Chris Kott wrote:I like an idea I read about in a hugelkultur post. It involves leaving stumps to rot several feet above ground, then building hugelbeets around them, either several in one, or making Sepp's soil sausages using stumps as bases.
The advantage of leaving the stumps to rot is that any root systems close to the rotten root system will just follow the network of compost down into the ground, saving plant resources for other growth.
Oh, and you save the effort of ripping out stumps.
Chris Kott wrote:Is a maul or a hatchet inherently unsafe?
Burra Maluca wrote:I can just see myself getting distracted for half a second and losing a finger or three with that machine.
But on the other hand there must be a fairly simple way of making it safe. I just can't see it yet.
paul wheaton wrote:I think comparing maul+skill to the inertia-chopper without skill is unfair. Comparing both with skill or both without skill seems more fair.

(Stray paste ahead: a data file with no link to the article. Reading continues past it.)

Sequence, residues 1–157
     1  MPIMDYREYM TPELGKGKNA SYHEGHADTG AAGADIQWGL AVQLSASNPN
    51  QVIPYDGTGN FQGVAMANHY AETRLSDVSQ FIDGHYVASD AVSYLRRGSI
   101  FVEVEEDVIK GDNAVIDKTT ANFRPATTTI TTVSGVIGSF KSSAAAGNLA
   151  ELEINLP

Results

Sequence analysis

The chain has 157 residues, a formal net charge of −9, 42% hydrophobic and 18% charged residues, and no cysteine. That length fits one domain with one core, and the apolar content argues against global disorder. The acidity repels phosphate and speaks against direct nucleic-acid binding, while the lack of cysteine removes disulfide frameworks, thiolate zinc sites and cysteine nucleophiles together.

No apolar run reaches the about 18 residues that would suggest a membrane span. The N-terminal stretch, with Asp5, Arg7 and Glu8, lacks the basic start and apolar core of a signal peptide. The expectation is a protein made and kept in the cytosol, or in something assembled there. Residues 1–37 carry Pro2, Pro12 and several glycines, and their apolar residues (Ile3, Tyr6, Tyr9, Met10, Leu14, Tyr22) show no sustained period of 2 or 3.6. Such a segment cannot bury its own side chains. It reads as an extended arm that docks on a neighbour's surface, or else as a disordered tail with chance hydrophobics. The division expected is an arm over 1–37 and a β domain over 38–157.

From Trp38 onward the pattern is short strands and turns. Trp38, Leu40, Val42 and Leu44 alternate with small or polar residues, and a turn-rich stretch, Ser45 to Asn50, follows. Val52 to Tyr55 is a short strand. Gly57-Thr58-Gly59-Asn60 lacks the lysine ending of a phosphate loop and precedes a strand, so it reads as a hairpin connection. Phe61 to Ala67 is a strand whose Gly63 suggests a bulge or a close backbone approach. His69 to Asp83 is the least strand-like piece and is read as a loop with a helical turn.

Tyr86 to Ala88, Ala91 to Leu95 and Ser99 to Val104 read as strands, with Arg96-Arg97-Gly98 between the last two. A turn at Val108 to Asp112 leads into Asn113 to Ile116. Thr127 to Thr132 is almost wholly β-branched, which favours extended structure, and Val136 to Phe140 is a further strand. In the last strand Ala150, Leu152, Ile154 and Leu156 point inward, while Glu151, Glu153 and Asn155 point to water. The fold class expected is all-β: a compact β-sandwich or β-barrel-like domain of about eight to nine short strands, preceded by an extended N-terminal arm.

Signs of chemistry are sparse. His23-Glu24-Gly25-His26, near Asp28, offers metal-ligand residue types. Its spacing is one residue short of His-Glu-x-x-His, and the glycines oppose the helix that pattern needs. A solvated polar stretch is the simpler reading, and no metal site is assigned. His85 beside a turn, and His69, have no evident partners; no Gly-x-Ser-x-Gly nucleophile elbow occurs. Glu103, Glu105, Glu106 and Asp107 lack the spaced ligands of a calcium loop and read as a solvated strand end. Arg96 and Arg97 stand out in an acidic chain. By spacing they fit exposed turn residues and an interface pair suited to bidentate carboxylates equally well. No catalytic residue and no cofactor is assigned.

Sam Barber wrote:Yeah just came here to see if the strange looking axe was on here I kinda want to try it out!
Currently, when chopping kindling, I will either start the split while holding the kindling with the idea that the hatchet will get enough grip into the wood that I can finish the split without my left hand anywhere near the wood, OR I will swing the hatchet and move my left hand away before the blade touches the wood. Both seem a little dangerous still.
Steve Hoskins wrote:
I know it looks unsafe, but for me this method works well. The idea being, the wood is split right where it lays without having to stand it up or arrange it aside from a kick here and there. And above, last year, I mentioned that I use the gransfors bruks large splitting maul, but actually, its the large splitting axe... Correction.
I'm sorry but I don't think this is very safe IF you're holding the wood with your foot. At the 0:58 mark I'm not sure how you didn't cut into your own foot. I'm glad you say not to try this at home and I'd encourage new wood splitters to not try this method until you get a really good feel for swinging your axe. I love how you don't have to keep restanding the wood rounds back up. Personally I like the tire on the chopping block method.